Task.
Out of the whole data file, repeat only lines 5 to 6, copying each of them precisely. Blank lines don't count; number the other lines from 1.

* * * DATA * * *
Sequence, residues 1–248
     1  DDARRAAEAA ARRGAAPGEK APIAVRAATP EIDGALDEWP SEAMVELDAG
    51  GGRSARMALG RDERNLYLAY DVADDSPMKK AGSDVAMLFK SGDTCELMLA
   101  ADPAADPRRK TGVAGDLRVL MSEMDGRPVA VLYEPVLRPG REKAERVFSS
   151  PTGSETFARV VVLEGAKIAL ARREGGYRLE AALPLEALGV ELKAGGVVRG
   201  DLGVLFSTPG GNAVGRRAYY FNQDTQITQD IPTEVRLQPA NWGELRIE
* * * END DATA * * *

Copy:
   151  PTGSETFARV VVLEGAKIAL ARREGGYRLE AALPLEALGV ELKAGGVVRG
   201  DLGVLFSTPG GNAVGRRAYY FNQDTQITQD IPTEVRLQPA NWGELRIE